Research shows that problems with recycling in brain cells in Parkinson's are overcome by the malaria drug clioquinol.
Scientists at the Oxford Parkinson's Disease Centre have uncovered a potential way that a malaria drug could protect brain cells in people with Parkinson's. The early stage research, published in the journal of Human Molecular Genetics, found that the drug could resolve the problems with recycling that are seen in a rat model of Parkinson's.
A recycling problem
It's essential that our brain cells are kept healthy and free of waste in order for them to function properly. One way cells are kept 'clean' is through their very own recycling system, made up of structures called lysosomes. These are acidic sacks filled with digestive enzymes capable of breaking down waste material within the cell. When the recycling process is not working efficiently, waste can quickly build up. This can alter the cells' behaviour and ultimately lead to the cell death.
Changes in the LRRK2 gene are linked to an increased risk of developing Parkinson's. This gene holds the instructions for the LRRK2 enzyme that controls many processes within the cell, including recycling. Parkinson's-associated changes in the LRRK2 gene is thought to cause a problem with the recycling system, leading to unwanted proteins building up inside brain cells.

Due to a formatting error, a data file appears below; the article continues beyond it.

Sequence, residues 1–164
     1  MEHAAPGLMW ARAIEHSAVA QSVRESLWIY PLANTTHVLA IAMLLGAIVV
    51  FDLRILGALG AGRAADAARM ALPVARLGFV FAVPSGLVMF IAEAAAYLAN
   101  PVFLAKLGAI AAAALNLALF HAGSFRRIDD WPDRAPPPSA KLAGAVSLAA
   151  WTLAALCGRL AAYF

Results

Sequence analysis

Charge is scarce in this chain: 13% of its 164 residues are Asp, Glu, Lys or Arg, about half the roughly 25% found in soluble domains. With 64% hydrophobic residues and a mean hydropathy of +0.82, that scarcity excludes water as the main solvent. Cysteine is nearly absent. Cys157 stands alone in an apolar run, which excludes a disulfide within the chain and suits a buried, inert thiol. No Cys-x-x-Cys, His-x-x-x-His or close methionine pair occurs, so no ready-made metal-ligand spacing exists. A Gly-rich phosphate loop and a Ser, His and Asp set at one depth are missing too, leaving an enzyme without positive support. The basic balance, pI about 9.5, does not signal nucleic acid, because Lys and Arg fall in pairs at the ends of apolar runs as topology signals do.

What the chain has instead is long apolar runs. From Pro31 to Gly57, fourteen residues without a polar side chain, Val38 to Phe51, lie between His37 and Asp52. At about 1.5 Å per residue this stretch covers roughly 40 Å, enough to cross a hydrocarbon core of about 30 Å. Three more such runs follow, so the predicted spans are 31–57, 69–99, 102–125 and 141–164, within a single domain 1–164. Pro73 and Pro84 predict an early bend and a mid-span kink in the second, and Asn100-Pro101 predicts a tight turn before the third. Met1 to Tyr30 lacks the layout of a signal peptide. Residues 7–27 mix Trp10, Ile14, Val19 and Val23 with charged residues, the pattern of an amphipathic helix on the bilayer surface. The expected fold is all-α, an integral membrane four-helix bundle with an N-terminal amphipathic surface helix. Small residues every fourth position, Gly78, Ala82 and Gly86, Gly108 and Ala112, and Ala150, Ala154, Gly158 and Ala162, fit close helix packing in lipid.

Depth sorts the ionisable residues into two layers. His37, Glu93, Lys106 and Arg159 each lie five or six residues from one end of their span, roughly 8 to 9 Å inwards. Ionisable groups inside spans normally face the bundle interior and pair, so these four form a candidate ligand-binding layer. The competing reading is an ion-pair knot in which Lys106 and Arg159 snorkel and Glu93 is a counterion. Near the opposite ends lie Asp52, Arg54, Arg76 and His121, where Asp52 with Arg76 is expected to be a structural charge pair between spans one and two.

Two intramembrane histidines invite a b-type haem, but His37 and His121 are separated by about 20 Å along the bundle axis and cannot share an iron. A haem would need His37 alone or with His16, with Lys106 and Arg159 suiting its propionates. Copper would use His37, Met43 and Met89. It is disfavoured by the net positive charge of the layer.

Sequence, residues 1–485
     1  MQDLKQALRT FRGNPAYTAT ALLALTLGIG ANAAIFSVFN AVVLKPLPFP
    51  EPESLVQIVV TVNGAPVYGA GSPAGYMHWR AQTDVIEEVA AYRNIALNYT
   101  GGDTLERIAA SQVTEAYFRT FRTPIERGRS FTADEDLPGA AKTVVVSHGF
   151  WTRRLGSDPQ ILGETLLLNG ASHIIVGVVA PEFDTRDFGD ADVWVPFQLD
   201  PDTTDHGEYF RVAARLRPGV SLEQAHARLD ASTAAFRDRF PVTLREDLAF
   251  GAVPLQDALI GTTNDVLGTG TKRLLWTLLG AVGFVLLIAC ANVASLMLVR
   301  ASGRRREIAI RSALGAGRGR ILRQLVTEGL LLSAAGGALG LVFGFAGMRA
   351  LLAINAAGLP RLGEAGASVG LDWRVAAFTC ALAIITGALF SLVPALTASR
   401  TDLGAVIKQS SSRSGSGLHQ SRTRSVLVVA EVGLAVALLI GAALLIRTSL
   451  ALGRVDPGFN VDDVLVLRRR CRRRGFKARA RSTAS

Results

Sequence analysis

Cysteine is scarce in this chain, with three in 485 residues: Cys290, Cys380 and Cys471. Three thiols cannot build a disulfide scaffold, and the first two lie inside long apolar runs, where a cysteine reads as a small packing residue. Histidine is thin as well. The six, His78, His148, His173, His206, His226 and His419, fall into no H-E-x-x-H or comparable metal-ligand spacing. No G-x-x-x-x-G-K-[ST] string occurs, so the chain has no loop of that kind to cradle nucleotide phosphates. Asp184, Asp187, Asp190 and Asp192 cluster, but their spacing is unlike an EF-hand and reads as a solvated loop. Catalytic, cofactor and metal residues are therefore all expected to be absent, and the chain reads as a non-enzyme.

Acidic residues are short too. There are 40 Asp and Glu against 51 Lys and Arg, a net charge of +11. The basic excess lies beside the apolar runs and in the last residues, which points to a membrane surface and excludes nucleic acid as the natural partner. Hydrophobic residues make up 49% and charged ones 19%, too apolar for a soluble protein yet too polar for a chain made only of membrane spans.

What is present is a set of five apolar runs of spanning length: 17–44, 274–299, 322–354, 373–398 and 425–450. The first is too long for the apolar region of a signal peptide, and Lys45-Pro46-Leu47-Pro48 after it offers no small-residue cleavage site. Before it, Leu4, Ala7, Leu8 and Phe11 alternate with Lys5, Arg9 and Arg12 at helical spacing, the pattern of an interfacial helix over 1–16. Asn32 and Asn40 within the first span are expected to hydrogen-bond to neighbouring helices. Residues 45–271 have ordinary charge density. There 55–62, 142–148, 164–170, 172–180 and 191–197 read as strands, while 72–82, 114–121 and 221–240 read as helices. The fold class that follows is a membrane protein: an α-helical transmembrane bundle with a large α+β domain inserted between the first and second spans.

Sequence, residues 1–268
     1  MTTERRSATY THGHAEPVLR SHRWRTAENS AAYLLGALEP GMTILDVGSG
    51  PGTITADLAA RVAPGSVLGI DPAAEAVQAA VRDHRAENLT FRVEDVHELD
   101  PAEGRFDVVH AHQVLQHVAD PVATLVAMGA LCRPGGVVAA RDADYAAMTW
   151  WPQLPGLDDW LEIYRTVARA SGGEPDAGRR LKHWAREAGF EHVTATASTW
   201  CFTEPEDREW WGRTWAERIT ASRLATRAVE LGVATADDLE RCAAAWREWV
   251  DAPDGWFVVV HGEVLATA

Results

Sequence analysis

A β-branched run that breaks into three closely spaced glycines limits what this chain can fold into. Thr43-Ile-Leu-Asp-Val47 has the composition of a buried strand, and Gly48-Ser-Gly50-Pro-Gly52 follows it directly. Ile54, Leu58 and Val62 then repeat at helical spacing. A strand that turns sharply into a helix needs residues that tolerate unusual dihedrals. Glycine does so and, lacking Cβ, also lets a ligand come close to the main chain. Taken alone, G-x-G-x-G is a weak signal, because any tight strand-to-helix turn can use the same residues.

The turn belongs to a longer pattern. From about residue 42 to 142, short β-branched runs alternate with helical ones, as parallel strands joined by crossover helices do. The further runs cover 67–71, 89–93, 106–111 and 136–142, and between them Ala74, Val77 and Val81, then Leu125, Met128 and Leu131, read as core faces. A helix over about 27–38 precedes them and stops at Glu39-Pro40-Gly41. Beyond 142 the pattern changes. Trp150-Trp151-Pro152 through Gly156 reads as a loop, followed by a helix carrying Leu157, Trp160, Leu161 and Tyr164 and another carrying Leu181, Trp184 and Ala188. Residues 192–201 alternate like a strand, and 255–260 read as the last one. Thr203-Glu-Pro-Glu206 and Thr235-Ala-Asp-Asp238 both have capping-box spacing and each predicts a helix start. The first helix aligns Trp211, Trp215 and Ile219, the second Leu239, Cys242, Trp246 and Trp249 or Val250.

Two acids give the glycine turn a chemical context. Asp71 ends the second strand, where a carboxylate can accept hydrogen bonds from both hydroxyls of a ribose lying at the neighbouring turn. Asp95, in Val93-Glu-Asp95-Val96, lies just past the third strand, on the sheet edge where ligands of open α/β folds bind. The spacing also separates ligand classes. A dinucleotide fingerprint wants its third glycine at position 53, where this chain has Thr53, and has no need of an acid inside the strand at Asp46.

Dr Katherine Fletcher, Research Communications Officer at Parkinson's UK, said:
"We know that in people living with Parkinson's, there is a problem with recycling in brain cells that can stop them from functioning properly - but there is a lot we don't understand. This early stage research uncovers more clues about what is going wrong in Parkinson's brain cells and identifies an exciting new drug target.
"Understanding more about Parkinson's is vital in the search for treatments that can slow or stop the progression of Parkinson's, which is desperately needed for the 145,000 people in the UK affected by the condition."
A new drug target
The new study found that rats containing a LRRK2 mutation had decreased levels of recycling in brain cells, due to the lysosomes becoming less acidic. However, the malaria drug clioquinol was shown to increase the acidity of the lysosomes back to normal levels, and this restored effective recycling in the cells.
These new results uncover a novel role for LRRK2 in regulating the acidity of the lysosome, as well as reaffirming the potential of targeting the recycling system in brain cells for therapeutic use.